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Instagram shuts off API access for feed reading apps

Instagram Explore
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Instagram is tightening control of its app by shutting off access for feed reading apps in its new set of rules for developers. In a blog post, the company said its update to the platform aims to “improve people’s control over their content and set up a more sustainable environment built around authentic experiences.”

In addition to streamlining Instagram and making the user experience more consistent, the move also addresses community concerns of where user photos are being shared and viewed. Developers using Instagram’s API (Application Program Interface) will have to submit their apps for review by June 1, 2016. On December 3, Instagram will begin “reviewing new and existing apps before granting full API access.” All clients using the API will have to submit their app for review, but apps that feature photo-editing or ones that simply pull your own Instagram posts will not be affected by the API restrictions.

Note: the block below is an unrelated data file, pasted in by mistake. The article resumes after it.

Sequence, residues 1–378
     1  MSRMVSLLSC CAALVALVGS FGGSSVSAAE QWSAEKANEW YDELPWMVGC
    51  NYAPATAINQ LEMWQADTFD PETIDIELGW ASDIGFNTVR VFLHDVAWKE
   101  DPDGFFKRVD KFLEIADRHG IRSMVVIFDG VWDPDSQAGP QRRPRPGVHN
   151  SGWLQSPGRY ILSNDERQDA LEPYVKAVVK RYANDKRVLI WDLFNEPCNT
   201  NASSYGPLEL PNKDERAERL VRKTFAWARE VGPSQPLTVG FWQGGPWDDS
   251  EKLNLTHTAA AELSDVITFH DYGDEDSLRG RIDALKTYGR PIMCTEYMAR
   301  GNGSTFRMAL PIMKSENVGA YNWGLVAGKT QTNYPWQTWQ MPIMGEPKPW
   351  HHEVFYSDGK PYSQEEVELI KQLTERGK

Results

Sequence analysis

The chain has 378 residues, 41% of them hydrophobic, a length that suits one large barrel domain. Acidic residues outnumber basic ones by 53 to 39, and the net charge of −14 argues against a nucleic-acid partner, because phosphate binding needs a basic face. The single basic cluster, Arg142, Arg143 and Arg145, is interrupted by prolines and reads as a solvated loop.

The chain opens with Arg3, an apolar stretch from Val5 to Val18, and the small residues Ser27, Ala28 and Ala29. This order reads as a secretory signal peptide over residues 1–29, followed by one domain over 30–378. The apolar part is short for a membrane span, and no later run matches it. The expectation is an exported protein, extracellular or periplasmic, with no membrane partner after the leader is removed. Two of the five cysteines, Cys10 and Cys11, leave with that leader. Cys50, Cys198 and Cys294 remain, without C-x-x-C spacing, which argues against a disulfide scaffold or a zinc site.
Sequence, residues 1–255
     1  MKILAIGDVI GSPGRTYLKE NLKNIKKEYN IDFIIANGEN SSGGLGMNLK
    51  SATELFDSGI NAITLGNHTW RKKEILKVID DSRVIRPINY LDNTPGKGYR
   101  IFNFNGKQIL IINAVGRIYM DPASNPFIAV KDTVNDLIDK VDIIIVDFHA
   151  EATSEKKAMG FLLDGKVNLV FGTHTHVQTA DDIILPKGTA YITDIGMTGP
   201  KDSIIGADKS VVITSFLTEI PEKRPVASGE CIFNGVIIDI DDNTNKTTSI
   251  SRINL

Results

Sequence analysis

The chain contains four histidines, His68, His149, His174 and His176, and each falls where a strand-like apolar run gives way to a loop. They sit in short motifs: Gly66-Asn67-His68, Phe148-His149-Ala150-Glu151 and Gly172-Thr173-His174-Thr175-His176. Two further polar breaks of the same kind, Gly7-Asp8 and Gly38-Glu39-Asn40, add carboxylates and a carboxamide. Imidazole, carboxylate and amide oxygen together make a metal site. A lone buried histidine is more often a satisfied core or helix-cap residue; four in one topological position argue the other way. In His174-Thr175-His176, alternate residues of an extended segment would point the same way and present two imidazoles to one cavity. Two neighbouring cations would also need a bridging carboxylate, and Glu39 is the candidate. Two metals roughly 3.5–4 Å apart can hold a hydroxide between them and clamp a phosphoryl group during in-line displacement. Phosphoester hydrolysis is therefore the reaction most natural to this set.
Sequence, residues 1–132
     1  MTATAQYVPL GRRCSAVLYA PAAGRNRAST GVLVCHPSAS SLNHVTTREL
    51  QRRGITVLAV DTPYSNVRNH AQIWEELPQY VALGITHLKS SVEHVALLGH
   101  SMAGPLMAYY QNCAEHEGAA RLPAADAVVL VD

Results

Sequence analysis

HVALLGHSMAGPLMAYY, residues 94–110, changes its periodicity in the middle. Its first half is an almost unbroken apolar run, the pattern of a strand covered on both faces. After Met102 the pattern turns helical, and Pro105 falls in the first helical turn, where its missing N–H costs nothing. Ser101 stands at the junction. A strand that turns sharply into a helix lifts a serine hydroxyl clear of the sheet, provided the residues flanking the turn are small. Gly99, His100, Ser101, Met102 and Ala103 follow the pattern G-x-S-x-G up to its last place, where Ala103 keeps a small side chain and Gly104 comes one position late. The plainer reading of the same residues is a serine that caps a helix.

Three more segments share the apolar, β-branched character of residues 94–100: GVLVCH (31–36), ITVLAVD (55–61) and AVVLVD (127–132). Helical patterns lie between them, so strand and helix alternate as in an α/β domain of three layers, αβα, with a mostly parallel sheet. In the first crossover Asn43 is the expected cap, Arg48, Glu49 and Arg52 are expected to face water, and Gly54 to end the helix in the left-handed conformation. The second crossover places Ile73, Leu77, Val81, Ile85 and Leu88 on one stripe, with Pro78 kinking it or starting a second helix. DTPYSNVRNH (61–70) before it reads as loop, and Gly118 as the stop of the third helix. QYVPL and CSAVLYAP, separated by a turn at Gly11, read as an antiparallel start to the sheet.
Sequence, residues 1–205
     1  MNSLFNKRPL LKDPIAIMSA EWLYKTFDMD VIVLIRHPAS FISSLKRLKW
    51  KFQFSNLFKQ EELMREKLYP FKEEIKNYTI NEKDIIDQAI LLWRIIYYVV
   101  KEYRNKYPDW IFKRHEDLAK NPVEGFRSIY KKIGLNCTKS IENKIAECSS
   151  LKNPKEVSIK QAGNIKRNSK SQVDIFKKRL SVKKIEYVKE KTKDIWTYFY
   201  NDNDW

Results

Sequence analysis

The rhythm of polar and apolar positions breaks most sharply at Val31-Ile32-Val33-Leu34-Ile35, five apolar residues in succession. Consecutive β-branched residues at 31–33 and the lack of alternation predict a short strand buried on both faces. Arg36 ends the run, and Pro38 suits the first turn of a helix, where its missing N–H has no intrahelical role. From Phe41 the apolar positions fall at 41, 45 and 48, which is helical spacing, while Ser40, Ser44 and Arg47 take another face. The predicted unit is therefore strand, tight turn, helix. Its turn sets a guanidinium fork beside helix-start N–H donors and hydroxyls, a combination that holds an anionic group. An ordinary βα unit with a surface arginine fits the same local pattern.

“Apps created on or after November 17, 2015 will start in Sandbox Mode and function on newly updated API rate-limits and behaviors. Prior to going Live, and being able to be used by people other than the developers of the app, these apps will have to go through a new review process,” a note on Instagram’s site said.

The Sandbox Mode will let developers build and test their app as it is being reviewed. Apps like Phonegram, Retro, and Webbygram will have to change to meet Instagram’s new requirements.

Although it seems like a big change, the number of feed apps the update will affect is small. Instagram hit 400 million users in September, but according to TechCrunch, even the most popular third-party client has “0.5 percent or fewer as many monthly active users.”

Instagram’s newly simplified platform policy also cited areas in which it plans to improve support, such as helping brands and advertisers manage their audiences better, help users share their content with third-party apps, and improve tools for publishers to discover content.

The news may incite groans from developers, but the company is providing six months of preparation before submission for the review period ends, giving them some time to focus on photo-editing.

Julian Chokkattu
Former Digital Trends Contributor
Julian is the mobile and wearables editor at Digital Trends, covering smartphones, fitness trackers, smartwatches, and more…
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